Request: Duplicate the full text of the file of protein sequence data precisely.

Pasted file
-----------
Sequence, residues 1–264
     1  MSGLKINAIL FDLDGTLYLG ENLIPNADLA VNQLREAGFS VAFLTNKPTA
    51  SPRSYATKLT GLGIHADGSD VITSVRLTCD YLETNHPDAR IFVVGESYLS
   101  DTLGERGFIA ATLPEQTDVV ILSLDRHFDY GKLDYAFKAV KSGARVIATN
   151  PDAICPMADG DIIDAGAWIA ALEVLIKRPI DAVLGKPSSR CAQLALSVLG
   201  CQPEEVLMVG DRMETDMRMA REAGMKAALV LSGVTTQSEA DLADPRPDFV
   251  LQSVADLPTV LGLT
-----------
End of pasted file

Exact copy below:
Sequence, residues 1–264
     1  MSGLKINAIL FDLDGTLYLG ENLIPNADLA VNQLREAGFS VAFLTNKPTA
    51  SPRSYATKLT GLGIHADGSD VITSVRLTCD YLETNHPDAR IFVVGESYLS
   101  DTLGERGFIA ATLPEQTDVV ILSLDRHFDY GKLDYAFKAV KSGARVIATN
   151  PDAICPMADG DIIDAGAWIA ALEVLIKRPI DAVLGKPSSR CAQLALSVLG
   201  CQPEEVLMVG DRMETDMRMA REAGMKAALV LSGVTTQSEA DLADPRPDFV
   251  LQSVADLPTV LGLT